Katsura Imperial Villa, Kyoto
May 19, 2010
From my first visit to Japan in 1962 my finest memory was the visit to the Katsura Imperial Villa. It seemed to capture the exquisite best of Japanese aesthetics in its gardens and architecture. Its purpose as a retreat from the Imperial Court for tea ceremonies, moon viewing etc was intriguing and satisfying. On my next visit to Kyoto, in 1982, I was frustrated that I could not get the necessary permission from the Imperial Household Agency to visit. However, this time our friends at Real-Japan were able to secure the permission two months in advance. Linda and I went on April 20, 2010, in a slight drizzle.
The first simple villa on the site was built by a younger brother of the emperor in 1615. After his son married the daughter of a wealthy feudal lord, the rest of the buildings and gardens were built around 1662. It remains in almost the same form today. There is a circular path through the gardens around the lake. It is mostly made of a wide variety of beautiful rough stepping stones.
The photos below are all mine, shown in the order I took them as we walked around the lake and ended at the main building complex. I have used descriptions of the various small buildings in the garden from the English language brochure we were given, which, fortunately, I was able to find on-line:
The Miyukimon Gate was used as the entrance exclusively for members of the Imperial Family and their guests. This gate was built on the occasion of the visit of retired Emperor Gomizuno’o in the mid-17th century. Although the gate was torn down later, it was restored during the time of Prince Yakahito. The thatched gable roof is supported by log pillars with the bark still attached. The Miyukimon Gate shares a sense of silence and simplicity that are characteristic of the Katsura Imperial Villa.
There are many flat stones packed onto the Suhama shore, which juts out into the pond. There is a lantern at the tip and the intention is to create an image of the sea, with the lantern representing a light house on a cape. Furthermore, the stone bridge connecting the islet represents Amanohashidate, which is known as one of the best three scenic spots in Japan, along with Miyajima in Hiroshima Prefecture and Matsushima in Miyagi Prefecture. You can see the Shokintei (see below) on the left.
You can see the Shoin, or main house complex, across the lake.
Crossing a large stone bridge brings the visitor to the entrance of the Shokintei, the most important teahouse at the villa. “Shokin” means the sound of a koto (Japanese harp) and the whistle of the wind passing through pine trees. Because the entrance is extremely small, visitors must hunch over to pass through to the interior. The Shokintei is a typical Japanese teahouse; there are eight windows. A different perspective of the Shokintei can be enjoyed from the east, north and west. The ichinoma, or first room, has a blue-and white checkered pattern on the sliding door and tokonoma alcove. This is the result of bold and flexible creativity and ingenuity and it appears as novel and contemporary today as it did back then.
The Shokatei, built in a style like a teahouse at the pass, is located at the highest point of elevation in the garden. It is an ideal location to stay in the summer.
The Shoiken is a country-style teahouse beside the shoreline that has cut paving stones leading to it in a diagonal line. In the room with a narrow wooden passageway along the building facing the garden, there are six round windows lined up horizontally above the waist-high papered sliding door, but the combination of the sills is different for every one and the material used for the lattice window is a subtle combination of wood and bamboo. The interior is partitioned by fusuma, or sliding doors, but the ceiling is not partitioned. This is thought to give an appearance of airiness inside.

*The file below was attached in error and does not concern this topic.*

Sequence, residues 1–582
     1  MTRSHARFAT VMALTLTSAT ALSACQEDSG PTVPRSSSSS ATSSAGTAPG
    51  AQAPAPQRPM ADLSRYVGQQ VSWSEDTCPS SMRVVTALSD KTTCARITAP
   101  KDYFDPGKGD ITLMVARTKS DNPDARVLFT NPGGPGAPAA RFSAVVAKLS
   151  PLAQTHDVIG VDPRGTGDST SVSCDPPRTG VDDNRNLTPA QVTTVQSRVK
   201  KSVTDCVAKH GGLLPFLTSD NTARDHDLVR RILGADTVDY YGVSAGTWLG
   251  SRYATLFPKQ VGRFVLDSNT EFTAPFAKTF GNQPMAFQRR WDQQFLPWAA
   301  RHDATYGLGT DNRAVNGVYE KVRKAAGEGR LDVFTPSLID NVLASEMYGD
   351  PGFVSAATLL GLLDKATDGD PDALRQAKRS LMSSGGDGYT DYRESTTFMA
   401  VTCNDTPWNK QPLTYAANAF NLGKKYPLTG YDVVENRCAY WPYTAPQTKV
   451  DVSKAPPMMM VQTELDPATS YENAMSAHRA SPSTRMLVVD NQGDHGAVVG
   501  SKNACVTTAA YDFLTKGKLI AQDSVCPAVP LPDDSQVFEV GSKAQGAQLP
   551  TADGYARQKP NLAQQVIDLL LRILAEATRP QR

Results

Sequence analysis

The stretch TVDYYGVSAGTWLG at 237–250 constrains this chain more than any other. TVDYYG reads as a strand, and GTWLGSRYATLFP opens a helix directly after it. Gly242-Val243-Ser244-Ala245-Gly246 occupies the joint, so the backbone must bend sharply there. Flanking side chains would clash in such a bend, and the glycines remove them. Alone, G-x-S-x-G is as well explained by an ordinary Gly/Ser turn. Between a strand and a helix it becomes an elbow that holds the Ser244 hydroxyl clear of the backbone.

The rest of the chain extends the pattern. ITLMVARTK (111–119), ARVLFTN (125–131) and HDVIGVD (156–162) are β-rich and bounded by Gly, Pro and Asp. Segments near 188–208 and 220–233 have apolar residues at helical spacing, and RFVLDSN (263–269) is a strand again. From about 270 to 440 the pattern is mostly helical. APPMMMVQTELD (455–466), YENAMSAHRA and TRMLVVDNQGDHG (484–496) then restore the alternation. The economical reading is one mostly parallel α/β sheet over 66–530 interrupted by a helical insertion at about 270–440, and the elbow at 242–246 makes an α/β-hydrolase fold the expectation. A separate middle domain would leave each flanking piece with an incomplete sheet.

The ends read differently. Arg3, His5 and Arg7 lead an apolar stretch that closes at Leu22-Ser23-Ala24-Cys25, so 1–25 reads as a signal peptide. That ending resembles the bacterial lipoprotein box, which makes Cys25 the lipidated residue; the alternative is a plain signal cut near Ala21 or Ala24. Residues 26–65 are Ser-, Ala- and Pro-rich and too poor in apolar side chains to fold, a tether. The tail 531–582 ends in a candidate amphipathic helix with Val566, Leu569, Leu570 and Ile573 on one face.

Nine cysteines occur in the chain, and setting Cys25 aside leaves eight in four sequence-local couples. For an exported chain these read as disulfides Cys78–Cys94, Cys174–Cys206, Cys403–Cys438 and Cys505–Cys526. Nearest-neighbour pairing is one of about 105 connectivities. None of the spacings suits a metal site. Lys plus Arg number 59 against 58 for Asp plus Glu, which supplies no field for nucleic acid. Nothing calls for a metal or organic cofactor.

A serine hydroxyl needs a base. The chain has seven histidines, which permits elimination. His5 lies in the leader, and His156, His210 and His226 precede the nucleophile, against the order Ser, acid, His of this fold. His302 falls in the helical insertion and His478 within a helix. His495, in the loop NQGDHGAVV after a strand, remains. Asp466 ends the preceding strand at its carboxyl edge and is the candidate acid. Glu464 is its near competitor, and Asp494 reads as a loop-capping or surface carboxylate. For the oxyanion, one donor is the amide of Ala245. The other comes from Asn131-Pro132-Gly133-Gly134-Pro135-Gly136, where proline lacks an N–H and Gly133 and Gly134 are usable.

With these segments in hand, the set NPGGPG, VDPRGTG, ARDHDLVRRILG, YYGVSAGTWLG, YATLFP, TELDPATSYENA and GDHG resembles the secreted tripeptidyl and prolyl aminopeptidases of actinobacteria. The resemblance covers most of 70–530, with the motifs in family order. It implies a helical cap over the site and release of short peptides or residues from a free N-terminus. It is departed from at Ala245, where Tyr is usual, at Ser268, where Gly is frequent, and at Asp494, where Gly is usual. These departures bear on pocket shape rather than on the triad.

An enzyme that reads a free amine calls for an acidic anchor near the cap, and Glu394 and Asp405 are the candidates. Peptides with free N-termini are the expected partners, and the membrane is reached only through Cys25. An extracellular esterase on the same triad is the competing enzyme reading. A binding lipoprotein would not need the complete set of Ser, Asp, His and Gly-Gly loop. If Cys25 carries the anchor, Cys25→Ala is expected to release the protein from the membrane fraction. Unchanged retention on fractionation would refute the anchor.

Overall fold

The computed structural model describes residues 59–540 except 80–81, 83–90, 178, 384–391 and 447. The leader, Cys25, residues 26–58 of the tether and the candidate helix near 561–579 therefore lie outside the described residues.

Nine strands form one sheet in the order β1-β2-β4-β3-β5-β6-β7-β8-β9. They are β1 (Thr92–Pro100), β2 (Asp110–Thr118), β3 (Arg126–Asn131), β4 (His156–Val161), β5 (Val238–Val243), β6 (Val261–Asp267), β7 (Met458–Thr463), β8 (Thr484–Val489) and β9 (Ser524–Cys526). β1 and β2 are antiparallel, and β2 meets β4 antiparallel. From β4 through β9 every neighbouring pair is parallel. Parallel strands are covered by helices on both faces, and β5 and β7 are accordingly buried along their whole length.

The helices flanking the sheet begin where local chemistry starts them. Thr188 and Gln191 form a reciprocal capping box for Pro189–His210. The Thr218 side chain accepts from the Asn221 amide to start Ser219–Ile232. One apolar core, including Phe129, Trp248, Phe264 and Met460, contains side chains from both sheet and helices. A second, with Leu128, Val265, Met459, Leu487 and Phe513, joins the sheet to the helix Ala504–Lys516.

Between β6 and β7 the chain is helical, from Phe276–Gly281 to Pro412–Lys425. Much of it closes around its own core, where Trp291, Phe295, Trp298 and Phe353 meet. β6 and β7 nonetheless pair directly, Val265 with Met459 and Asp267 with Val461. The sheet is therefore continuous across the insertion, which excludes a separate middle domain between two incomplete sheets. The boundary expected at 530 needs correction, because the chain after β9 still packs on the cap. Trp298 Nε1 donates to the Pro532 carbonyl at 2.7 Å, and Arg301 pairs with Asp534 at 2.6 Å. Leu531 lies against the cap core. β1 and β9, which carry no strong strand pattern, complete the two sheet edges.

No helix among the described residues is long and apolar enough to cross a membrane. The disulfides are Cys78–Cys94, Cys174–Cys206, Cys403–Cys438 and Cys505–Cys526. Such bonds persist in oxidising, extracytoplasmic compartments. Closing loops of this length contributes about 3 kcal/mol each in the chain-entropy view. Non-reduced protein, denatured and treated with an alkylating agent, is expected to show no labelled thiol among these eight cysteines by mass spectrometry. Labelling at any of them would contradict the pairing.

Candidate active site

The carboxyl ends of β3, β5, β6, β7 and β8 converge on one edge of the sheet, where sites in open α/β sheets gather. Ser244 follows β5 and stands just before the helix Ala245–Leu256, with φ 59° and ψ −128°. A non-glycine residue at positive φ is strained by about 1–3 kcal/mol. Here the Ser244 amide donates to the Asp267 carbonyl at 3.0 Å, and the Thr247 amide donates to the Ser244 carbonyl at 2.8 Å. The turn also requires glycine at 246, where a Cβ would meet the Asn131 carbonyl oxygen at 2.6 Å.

This Onrindo is located at the base of the hill on which the Shokatei is located and it was where the memorial tablets of the Katsura family were previously kept. Now only the structure remains.
The cluster of the Shoin, which consist of the Koshoin, Chushoin, Gakkinoma and Shingoten, are built next to one another along an east-west axis. The Koshoin has a Tsukimidai, or a moon-viewing veranda, facing the pond. The Chushoin has three rooms and Gakkinoma was where musical instruments were stored. The Shingoten was added on by Prince Toshitada on the occasion of the visit by retired Emperor Gomizuno’o. Throughout the period from 1976 to 1991 large-scale restoration work took place, with each Shoin and teahouse being dismantled and then rebuilt.
The Gepparo is a teahouse standing on a promontory above the shore of the pond near the Koshoin. There is a spacious earthen area to the front-center of the structure. It is a good place to watch the moon and another feature is that there is no interior ceiling in the teahouse and the back of the roof looks like the bottom of a boat.
This is a veranda for moon-viewing. Situated in front of the ninoma, or the second room, one of the rooms of the Koshoin, the Tsukimidai is built in a way so that it protrudes from the broad passageway along the building facing the garden toward the lake and is constructed with bamboo flooring. It goes without saying that this is not only a lovely place to enjoy the view of the moon, but also an ideal place to enjoy a panoramic view of the entire villa gardens. It is a cool and refreshing place to be in summer.
The pine tree was planted so that it is impossible to view the entire garden from one place and one must seek out views.